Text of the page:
Papyrus is expensive. Scripture is repetitive. The earliest Christian texts used a clever set of abbreviations to save space and time.
The idea of the tractor beam first appeared in fiction in 1931. Since then, scientists have worked to make it a reality… and they’ve actually had some success.
Chaucer, Shakespeare, Cervantes, and Rabelais all wrote about the medlar fruit, which must rot before it is ready to eat.
From 1913 to 1929, the hobos had their own newspaper.
The eruption of Mount Vesuvius, which destroyed the Roman cities of Pompeii and Herculaneum, also killed the famous author of one of the earliest encyclopedias.
Lord Byron, the Romantic poet and infamous libertine, wrote a book of memoirs that may have set 19th century England aflame with scandal – if they hadn’t been deliberately destroyed within a month of his death.
William McGonagall is widely recognised as the worst poet in history.
Elementals are a common feature of modern bestiaries, video games, and RPGs. We have the 16th century alchemist Paracelsus to thank for thinking them up.
In 1958, surrealism, the Beat Generation, and a decade of civil war in Colombia distilled itself into the Nadaist movement – a rejection of Colombian government, literature, religion, and orthodoxy.
It’s my 200th post! Time to talk about the nature of proof, using 18th century literary hero Baron Munchausen and his horse too.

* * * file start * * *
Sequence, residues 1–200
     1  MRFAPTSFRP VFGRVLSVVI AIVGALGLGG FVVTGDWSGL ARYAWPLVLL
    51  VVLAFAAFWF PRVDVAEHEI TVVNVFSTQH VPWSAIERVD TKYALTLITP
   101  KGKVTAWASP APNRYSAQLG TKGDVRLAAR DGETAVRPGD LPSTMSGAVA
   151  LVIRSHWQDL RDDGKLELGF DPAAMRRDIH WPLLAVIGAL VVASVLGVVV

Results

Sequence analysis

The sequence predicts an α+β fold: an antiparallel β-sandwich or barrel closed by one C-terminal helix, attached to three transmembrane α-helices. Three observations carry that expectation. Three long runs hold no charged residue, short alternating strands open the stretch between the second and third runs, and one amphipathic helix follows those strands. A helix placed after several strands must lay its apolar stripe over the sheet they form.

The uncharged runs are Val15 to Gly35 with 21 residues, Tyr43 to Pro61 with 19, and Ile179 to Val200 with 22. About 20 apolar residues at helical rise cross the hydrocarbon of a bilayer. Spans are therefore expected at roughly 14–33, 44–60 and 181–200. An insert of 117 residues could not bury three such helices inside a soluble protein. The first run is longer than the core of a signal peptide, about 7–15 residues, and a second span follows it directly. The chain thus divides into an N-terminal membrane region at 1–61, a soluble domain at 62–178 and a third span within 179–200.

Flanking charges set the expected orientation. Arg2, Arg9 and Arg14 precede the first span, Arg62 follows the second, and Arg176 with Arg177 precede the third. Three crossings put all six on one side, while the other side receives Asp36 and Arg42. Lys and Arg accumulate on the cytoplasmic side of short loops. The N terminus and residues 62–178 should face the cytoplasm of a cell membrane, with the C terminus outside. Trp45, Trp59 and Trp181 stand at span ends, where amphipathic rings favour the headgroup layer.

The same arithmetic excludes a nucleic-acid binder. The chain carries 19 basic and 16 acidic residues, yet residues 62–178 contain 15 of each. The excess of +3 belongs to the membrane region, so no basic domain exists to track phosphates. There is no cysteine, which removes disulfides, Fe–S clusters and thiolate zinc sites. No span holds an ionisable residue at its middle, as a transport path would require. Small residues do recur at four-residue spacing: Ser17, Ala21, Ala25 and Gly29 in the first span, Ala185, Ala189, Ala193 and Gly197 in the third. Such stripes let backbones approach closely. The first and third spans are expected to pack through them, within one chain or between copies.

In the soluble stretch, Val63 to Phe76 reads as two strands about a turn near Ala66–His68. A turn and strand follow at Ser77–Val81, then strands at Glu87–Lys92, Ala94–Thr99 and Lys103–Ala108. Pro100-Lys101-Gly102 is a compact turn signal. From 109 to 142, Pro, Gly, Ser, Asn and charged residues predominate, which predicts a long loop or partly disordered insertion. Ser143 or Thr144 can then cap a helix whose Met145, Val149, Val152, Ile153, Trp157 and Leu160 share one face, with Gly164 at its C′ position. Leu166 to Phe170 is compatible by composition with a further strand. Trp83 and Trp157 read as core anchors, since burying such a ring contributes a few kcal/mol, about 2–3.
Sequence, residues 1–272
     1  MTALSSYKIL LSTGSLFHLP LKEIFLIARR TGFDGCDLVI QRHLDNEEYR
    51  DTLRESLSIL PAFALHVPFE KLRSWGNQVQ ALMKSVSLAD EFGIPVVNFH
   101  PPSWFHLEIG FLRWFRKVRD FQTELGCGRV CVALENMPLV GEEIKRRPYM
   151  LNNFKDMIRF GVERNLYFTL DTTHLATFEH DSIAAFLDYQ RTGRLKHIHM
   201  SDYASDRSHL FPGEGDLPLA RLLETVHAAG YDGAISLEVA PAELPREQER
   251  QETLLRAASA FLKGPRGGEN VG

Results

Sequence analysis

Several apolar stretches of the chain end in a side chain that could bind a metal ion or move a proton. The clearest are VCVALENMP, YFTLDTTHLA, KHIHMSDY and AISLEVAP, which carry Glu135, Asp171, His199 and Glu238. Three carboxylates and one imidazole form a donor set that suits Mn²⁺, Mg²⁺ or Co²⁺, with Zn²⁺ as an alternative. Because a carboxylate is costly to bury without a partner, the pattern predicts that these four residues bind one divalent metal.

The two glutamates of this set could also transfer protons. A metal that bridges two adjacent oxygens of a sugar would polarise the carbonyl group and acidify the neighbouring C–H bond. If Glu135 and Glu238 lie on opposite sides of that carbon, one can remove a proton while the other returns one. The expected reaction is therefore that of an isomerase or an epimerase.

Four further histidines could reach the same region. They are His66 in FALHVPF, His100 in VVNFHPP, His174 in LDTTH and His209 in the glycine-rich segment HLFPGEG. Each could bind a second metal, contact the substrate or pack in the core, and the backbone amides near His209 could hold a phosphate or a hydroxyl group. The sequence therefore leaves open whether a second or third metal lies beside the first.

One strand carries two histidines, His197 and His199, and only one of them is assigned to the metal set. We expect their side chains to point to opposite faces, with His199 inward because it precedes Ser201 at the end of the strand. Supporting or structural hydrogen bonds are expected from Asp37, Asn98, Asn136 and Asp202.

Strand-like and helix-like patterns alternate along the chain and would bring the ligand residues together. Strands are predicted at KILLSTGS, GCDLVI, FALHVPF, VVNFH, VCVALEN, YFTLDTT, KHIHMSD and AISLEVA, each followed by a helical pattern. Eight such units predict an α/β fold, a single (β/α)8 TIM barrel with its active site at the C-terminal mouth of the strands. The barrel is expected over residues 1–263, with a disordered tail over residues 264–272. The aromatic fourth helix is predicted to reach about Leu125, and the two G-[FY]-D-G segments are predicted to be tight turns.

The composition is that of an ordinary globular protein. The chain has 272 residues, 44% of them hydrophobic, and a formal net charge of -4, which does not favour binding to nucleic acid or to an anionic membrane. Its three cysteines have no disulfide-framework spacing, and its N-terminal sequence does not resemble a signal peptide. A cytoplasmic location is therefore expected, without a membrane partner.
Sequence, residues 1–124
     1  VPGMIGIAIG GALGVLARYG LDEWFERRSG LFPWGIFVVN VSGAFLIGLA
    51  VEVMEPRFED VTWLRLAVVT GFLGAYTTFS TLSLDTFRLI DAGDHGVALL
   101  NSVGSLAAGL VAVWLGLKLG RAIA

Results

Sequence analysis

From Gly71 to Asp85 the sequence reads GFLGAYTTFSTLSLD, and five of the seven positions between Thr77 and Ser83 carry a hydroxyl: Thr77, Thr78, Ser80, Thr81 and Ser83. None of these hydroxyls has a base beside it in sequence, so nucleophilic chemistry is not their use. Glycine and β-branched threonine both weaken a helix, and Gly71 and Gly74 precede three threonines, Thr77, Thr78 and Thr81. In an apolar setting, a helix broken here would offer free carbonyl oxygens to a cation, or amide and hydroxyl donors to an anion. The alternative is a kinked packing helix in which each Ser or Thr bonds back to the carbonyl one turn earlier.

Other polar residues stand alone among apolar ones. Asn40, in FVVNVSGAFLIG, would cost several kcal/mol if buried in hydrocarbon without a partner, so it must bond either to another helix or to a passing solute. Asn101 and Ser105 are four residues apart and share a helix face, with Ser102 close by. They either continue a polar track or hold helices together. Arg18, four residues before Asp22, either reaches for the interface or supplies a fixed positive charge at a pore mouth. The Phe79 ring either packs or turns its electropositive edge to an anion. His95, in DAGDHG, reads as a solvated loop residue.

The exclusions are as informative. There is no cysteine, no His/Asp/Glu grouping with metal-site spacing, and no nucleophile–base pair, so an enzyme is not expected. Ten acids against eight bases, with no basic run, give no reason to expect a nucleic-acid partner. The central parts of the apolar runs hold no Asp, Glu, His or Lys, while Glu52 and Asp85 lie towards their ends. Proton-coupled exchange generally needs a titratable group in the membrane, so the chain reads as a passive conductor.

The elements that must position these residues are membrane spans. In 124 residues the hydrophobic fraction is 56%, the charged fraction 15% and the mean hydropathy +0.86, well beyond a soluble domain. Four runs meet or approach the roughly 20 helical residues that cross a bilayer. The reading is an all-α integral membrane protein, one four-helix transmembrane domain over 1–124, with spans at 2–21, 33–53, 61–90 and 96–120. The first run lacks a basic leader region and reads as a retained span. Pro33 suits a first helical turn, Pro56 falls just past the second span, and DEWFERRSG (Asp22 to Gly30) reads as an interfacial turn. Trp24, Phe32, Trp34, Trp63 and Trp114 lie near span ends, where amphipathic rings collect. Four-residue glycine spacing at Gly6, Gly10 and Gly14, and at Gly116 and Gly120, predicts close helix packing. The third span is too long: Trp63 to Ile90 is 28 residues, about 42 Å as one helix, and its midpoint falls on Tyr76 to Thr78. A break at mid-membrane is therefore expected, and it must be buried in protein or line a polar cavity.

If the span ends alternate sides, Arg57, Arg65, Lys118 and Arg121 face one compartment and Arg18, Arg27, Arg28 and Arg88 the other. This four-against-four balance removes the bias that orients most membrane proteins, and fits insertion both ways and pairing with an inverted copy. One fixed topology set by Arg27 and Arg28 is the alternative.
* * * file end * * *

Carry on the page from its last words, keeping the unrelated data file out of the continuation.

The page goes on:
Flother is another word for a snowflake. It appears only once, in a 1275 CE book. The poison that killed Hamlet’s father in Shakespeare’s play, hebenon, is mentioned nowhere else. These are the hapax legomena, the lonely words.
Existential and spiritual crises seem to appear in the middle of the night – at least, according to various Catholic saints, poets, F. Scott Fitzgerald, Sparklehorse and Danger Mouse they do.
There are more than 150 million European starlings in North America. We have two men to blame for this: Eugene Schieffelin, and maybe William Shakespeare.
Fleas are not an obvious topic for poetry. And yet it is the core of both the shortest poem in the English language and the dodgiest erotic poem ever written by a cleric of the Church of England.
Batman lives in Gotham City. Where did the name come from? Its history follows a circuitous route via the 19th century equivalent of Mad magazine, smart idiots who hated public infrastructure, goats, and Robin Hood’s King John.